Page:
Our Budget, Our Selves

Our Budget, Our Selves

Few processes are more revealing of our commitments, our priorities, and our core beliefs than budgeting. This is true for individuals, families, institutions, and nations. How we spend our resources is a much more meaningful measure of what we value than our public declarations on the matter.

This is particularly true in tough times when there are fewer resources to allocate.

I have a good friend who has decided to get rid of their family’s second car. Though she and her husband work 30 minutes in opposite directions they are finding a way to make this crazy commute work. Why? Because they live a town with seriously underperforming public schools and they are absolutely committed to providing their daughter with a first class education. For them, this means private school tuition. So everyone is bracing for obscenely early mornings and far more inconvenient work schedules. They never thought twice about this priority.

Facebook
Twitter
Email
Flipboard
Pocket

Few processes are more revealing of our commitments, our priorities, and our core beliefs than budgeting. This is true for individuals, families, institutions, and nations. How we spend our resources is a much more meaningful measure of what we value than our public declarations on the matter.

This is particularly true in tough times when there are fewer resources to allocate.

I have a good friend who has decided to get rid of their family’s second car. Though she and her husband work 30 minutes in opposite directions they are finding a way to make this crazy commute work. Why? Because they live a town with seriously underperforming public schools and they are absolutely committed to providing their daughter with a first class education. For them, this means private school tuition. So everyone is bracing for obscenely early mornings and far more inconvenient work schedules. They never thought twice about this priority.

I work at an elite, private university, but even we are feeling the crush of the economic downturn. This week I watched with pride as my president, Shirley Tilghman, explained that Princeton remains absolutely committed to providing some of the most generous financial aid packages in the country. There may be heftier workloads and fewer faculty resources, but President Tilghman will not allow financial pressures to alter her commitment to expanding opportunities in the ivy leagues beyond the wealthy elite. She has not wavered about this priority.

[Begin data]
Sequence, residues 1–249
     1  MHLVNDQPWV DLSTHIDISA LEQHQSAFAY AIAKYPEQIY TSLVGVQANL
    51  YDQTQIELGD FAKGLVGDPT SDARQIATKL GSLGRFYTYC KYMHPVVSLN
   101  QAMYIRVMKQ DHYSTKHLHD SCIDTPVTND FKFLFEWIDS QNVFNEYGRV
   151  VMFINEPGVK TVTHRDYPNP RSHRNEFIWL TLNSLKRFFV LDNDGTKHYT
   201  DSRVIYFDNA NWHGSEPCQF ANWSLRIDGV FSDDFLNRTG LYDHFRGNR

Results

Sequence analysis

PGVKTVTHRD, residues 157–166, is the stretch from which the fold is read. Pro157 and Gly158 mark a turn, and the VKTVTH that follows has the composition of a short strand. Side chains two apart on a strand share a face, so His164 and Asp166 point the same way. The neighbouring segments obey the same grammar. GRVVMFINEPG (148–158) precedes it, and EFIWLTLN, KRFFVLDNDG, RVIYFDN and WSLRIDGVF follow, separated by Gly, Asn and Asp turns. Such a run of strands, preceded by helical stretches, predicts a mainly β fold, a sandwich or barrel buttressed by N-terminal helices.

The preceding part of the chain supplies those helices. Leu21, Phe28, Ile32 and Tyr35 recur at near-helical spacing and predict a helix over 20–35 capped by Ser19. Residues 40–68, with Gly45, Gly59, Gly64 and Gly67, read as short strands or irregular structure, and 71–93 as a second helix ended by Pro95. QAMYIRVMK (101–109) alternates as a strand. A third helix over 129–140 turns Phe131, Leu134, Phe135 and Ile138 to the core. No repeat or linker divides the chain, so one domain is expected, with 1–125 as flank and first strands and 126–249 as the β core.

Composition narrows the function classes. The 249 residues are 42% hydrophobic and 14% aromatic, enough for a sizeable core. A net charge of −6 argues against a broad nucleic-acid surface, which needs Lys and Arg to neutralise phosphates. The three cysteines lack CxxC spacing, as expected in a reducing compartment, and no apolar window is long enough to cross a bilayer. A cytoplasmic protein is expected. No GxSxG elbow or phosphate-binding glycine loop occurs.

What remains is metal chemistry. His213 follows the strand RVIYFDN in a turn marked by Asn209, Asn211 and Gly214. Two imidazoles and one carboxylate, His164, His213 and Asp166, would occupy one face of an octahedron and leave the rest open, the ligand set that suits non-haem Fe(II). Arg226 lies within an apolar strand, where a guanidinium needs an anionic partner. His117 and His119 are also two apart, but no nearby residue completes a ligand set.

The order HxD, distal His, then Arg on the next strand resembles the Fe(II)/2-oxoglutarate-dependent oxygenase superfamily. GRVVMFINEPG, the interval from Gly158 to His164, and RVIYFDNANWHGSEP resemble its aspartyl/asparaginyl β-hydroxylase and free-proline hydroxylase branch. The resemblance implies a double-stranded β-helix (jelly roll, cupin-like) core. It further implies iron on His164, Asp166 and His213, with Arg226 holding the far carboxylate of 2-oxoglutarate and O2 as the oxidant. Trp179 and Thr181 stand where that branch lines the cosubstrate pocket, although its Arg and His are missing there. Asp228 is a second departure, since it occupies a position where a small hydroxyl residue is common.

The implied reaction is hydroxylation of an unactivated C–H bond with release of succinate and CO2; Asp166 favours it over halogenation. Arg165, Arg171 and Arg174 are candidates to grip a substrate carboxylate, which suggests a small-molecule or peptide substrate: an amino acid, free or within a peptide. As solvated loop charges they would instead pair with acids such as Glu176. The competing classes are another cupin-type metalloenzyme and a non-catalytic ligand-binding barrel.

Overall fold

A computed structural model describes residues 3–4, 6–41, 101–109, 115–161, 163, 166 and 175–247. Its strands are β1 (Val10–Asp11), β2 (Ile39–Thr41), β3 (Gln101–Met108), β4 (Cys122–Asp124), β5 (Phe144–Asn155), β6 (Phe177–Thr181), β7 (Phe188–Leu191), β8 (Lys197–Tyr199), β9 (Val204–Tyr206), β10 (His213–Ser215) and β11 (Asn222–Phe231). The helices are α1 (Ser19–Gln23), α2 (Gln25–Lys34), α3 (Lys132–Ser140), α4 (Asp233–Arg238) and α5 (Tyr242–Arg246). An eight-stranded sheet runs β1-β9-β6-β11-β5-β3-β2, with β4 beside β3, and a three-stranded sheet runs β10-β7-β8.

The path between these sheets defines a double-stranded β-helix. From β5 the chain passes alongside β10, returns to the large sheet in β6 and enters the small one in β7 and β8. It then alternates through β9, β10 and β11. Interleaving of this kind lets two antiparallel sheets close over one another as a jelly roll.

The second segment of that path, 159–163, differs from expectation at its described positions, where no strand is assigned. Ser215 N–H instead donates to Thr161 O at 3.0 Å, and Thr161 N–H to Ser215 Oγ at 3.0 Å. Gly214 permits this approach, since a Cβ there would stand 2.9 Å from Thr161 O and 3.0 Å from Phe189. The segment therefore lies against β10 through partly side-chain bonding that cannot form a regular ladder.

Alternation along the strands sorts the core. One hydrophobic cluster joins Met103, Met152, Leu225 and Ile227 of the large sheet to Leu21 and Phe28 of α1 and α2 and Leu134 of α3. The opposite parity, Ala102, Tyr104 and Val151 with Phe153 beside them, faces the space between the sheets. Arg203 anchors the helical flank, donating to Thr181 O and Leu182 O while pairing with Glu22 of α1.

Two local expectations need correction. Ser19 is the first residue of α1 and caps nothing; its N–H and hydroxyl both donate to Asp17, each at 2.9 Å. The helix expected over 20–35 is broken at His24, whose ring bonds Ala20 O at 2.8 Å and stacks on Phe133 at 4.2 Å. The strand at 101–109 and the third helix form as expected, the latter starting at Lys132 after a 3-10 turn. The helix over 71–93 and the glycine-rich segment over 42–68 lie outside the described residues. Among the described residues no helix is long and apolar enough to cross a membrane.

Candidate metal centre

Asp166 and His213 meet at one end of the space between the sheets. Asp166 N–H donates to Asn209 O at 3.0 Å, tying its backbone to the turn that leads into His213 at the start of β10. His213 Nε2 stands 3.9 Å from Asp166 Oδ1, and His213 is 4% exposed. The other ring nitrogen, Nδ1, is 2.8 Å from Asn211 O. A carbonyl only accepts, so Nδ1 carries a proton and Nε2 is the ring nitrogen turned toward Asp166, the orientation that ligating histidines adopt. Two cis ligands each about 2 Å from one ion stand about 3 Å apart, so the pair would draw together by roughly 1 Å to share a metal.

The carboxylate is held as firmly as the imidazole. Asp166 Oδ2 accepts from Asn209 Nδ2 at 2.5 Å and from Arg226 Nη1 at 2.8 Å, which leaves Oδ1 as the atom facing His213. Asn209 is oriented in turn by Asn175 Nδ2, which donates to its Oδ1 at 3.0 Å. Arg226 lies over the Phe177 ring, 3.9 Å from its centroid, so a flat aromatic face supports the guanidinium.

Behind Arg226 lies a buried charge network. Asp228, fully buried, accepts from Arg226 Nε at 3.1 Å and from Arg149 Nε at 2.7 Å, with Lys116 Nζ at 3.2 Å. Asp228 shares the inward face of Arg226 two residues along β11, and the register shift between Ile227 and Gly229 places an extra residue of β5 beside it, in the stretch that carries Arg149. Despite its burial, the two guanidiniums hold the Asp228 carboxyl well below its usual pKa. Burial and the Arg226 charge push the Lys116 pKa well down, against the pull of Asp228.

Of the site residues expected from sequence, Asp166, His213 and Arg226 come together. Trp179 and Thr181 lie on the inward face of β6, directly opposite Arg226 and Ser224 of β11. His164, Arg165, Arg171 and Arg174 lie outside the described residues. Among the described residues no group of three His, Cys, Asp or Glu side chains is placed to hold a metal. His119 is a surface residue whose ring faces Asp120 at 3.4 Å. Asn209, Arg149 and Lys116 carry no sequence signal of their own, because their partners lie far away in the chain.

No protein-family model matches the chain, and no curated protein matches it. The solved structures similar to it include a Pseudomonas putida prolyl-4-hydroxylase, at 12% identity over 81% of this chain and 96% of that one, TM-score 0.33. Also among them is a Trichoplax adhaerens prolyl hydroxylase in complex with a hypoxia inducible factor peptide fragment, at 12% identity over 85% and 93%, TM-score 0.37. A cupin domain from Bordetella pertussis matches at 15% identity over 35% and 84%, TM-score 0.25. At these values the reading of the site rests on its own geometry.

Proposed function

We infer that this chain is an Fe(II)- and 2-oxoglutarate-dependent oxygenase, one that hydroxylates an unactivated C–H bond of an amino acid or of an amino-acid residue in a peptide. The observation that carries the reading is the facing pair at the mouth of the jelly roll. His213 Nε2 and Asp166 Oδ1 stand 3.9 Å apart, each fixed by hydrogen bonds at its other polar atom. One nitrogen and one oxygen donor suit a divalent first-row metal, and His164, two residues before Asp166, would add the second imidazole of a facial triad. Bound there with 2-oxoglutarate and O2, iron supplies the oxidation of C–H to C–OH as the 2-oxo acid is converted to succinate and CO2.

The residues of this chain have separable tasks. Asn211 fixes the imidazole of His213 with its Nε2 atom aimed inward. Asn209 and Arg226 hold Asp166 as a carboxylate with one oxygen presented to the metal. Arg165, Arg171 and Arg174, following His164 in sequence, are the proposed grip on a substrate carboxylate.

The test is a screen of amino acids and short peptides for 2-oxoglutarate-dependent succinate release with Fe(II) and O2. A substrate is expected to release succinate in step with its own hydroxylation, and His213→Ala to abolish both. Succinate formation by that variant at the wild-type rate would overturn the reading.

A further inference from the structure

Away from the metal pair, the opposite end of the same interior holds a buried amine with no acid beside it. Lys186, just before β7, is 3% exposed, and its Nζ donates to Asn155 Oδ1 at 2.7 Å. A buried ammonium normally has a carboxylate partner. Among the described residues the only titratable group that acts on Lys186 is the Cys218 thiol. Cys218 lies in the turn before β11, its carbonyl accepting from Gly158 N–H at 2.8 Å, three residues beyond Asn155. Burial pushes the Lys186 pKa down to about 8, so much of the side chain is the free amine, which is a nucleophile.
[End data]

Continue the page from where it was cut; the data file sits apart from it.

On Fridays my retired mother volunteers at our local crisis ministry. Every week she meets men and women who have lost jobs and homes. They are battling to find enough food to feed their families. Yet most of them talk to her about their deep commitments to family and community. They are pulling together and helping one another. Times are tough but they help their elderly neighbors get groceries home on the bus. They do not allow their poverty to duhmanize them.

Tonight President Obama presents his budget to the American people. The budget is more than a balance sheet. President Obama will ask us to evaluate our priorities in the face of economic crisis. He will question our resolve to improve education, offer equal opportunities, and provide for our neighbors despite the the terrifying deficits. He will ask us what we really believe.

Each of the stories I have told here could be eased with a collective national effort. All families should have quality public schools for their children. College should be more affordable for high achieving students. High quality, widely accessible public housing and elder care services can relieve burdens on the poorest Americans.

Budgets are choices. We can respond with fear and refuse to make long term investments in our country or we can choose to follow our highest ideals as Americans. President Obama will ask us what we believe.

How we respond will reveal who we truly are as a nation.

Thank you for reading The Nation!

We hope you enjoyed the story you just read. It takes a dedicated team to publish timely, deeply researched pieces like this one. For over 150 years, The Nation has stood for truth, justice, and democracy. Today, in a time of media austerity, articles like the one you just read are vital ways to speak truth to power and cover issues that are often overlooked by the mainstream media.

This month, we are calling on those who value us to support our Spring Fundraising Campaign and make the work we do possible. The Nation is not beholden to advertisers or corporate owners—we answer only to you, our readers.

Can you help us reach our $20,000 goal this month? Donate today to ensure we can continue to publish journalism on the most important issues of the day, from climate change and abortion access to the Supreme Court and the peace movement. The Nation can help you make sense of this moment, and much more.

Thank you for being a supporter of independent journalism.

Ad Policy
x